CGPoint offset = CGPointMake(-self.contentInset.left, -self.contentInset.top);
        if (@available(iOS 11.0, *)) {
            offset = CGPointMake(-self.adjustedContentInset.left, -self.adjustedContentInset.top);
        }
        if (CGPointEqualToPoint(self.contentOffset, offset) == NO) {
            self.contentOffset = offset;
        }
    }
}

- (CGSize)intrinsicContentSize
{
    if (self.attributedText.length == 0) {
        return CGSizeMake(UIViewNoIntrinsicMetric, UIViewNoIntrinsicMetric);
    }
    
    CGRect rect = [self.attributedText boundingRectWithSize:CGSizeMake(self.bounds.size.width - [self widthPadding], CGFLOAT_MAX)
                                                    options:NSStringDrawingUsesLineFragmentOrigin
                                                    context:nil];
    
    return CGSizeMake(ceil(rect.size.width + [self widthPadding]),
                      ceil(rect.size.height + [self heightPadding]));
}
0

vitaminwater's answer is working for me.

If your textview's text is bouncing up and down during edit, after setting [textView setScrollEnabled:NO];, set Size Inspector > Scroll View > Content Insets > Never.

Hope it helps.

0

Place hidden UILabel underneath your textview. Label lines = 0. Set constraints of UITextView to be equal to the UILabel (centerX, centerY, width, height). Works even if you leave scroll behaviour of textView.

-1

BTW, I built an expanding UITextView using a subclass and overriding intrinsic content size. I discovered a bug in UITextView that you might want to investigate in your own implementation. Here is the problem:

The expanding text view would grow down to accommodate the growing text if you type single letters at a time. But if you paste a bunch of text into it, it would not grow down but the text would scroll up and the text at the top was out of view.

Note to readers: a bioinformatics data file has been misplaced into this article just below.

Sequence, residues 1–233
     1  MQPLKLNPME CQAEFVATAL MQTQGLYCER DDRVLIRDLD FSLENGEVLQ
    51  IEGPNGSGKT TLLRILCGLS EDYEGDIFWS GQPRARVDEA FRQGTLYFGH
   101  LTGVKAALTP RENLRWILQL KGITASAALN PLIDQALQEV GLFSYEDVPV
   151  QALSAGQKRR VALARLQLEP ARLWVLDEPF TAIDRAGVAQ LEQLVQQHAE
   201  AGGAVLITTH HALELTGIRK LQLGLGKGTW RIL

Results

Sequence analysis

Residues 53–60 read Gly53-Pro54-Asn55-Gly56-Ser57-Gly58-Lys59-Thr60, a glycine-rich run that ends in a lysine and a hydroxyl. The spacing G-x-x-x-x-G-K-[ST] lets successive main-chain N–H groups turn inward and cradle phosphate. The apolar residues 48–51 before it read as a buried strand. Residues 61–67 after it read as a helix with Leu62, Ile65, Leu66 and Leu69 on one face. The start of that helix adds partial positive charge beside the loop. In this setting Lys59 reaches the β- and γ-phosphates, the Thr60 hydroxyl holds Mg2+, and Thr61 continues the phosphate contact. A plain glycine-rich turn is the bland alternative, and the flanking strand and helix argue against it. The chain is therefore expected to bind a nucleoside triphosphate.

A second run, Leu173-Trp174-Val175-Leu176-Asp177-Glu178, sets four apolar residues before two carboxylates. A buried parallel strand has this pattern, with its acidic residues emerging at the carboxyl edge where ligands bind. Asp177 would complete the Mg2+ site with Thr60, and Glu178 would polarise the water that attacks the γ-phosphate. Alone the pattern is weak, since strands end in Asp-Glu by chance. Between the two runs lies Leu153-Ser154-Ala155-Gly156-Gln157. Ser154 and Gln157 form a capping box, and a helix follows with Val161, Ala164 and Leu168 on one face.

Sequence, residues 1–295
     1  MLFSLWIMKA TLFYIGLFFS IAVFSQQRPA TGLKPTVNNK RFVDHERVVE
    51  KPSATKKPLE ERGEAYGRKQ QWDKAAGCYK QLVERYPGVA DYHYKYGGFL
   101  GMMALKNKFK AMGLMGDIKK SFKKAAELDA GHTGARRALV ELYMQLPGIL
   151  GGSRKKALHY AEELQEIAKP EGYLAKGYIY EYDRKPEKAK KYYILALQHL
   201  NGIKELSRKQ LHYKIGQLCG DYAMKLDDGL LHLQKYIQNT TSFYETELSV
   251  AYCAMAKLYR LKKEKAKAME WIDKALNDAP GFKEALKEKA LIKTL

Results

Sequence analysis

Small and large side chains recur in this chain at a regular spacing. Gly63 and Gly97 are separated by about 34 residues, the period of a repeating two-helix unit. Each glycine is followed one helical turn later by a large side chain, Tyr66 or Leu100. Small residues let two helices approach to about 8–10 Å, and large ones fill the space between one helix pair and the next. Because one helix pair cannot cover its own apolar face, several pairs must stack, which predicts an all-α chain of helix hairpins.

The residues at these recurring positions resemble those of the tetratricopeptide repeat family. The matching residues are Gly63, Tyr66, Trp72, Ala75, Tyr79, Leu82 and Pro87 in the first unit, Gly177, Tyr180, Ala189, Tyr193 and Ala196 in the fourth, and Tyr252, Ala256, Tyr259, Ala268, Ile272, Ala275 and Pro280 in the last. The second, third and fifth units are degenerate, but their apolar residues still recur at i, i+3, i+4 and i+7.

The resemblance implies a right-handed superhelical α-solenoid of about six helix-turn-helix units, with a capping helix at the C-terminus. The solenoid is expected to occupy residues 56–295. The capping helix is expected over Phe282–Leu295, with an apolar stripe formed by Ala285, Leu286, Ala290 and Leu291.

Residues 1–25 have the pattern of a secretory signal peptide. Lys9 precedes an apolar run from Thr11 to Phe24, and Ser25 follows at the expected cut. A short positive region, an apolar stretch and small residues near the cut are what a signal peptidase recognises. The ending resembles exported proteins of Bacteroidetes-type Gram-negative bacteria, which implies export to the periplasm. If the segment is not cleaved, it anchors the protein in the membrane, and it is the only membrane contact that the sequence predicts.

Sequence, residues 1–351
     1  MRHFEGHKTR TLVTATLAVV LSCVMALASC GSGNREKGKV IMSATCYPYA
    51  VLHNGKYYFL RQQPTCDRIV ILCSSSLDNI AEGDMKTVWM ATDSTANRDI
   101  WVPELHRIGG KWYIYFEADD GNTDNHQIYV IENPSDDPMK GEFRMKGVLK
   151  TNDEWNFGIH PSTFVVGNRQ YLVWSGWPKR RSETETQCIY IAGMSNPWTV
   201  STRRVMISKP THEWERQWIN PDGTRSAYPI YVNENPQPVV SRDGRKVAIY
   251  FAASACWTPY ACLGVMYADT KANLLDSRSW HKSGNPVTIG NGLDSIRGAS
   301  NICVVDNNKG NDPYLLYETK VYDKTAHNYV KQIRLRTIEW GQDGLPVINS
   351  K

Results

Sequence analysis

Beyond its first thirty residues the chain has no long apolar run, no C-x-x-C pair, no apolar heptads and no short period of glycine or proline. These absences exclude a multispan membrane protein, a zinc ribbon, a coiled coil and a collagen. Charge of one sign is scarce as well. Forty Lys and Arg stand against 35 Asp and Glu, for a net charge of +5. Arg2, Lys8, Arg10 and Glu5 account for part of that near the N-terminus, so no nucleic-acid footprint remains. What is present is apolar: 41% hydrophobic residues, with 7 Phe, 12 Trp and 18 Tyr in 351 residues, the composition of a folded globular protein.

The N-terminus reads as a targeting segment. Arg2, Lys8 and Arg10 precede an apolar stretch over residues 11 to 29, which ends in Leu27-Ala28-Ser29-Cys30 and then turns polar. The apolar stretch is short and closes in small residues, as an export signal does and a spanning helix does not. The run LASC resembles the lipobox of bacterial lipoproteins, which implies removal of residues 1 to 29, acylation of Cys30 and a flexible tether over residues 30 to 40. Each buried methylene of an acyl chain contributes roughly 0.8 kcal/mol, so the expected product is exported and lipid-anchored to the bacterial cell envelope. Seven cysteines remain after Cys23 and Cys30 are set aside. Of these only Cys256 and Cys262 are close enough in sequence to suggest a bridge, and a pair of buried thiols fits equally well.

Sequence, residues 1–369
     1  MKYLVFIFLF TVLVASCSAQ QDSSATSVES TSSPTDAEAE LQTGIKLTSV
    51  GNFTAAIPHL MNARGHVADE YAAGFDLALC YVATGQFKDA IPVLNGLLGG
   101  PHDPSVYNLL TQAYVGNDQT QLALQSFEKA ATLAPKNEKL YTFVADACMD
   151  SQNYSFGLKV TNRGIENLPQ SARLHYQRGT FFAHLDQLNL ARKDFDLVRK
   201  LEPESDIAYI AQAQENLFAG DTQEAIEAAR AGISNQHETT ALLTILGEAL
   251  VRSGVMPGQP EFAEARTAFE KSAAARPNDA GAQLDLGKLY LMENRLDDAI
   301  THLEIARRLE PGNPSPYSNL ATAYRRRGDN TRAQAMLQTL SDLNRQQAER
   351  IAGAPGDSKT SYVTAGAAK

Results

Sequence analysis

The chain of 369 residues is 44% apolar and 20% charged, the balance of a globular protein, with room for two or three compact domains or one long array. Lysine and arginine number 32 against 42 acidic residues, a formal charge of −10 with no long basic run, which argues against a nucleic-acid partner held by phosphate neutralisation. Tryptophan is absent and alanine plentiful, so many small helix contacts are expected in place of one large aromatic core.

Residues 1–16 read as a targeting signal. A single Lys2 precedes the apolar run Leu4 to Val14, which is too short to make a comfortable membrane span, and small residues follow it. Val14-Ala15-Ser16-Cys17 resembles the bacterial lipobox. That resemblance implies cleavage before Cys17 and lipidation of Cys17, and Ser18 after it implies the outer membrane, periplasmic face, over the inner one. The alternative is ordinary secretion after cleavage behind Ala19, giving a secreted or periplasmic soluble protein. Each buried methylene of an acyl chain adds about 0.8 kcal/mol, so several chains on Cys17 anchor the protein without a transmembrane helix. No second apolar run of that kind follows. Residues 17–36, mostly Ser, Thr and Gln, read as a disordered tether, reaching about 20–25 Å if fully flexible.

The solution: Override setBounds: in your subclass. For some unknown reason, the pasting caused the bounds.origin.y value to be non-zee (33 in every case that I saw). So I overrode setBounds: to always set the bounds.origin.y to zero. Fixed the problem.

-1

Here's a quick solution:

This problem may occur if you have set clipsToBounds property to false of your textview. If you simply delete it, the problem goes away.

myTextView.clipsToBounds = false //delete this line
-3
Obj C:

#import <UIKit/UIKit.h>

@interface ViewController : UIViewController

@property (nonatomic) UITextView *textView;
@end



#import "ViewController.h"

@interface ViewController ()

@end

@implementation ViewController

@synthesize textView;

- (void)viewDidLoad{
    [super viewDidLoad];
    [self.view setBackgroundColor:[UIColor grayColor]];
    self.textView = [[UITextView alloc] initWithFrame:CGRectMake(30,10,250,20)];
    self.textView.delegate = self;
    [self.view addSubview:self.textView];
}

- (void)didReceiveMemoryWarning{
    [super didReceiveMemoryWarning];
}

- (void)textViewDidChange:(UITextView *)txtView{
    float height = txtView.contentSize.height;
    [UITextView beginAnimations:nil context:nil];
    [UITextView setAnimationDuration:0.5];

    CGRect frame = txtView.frame;
    frame.size.height = height + 10.0; //Give it some padding
    txtView.frame = frame;
    [UITextView commitAnimations];
}

@end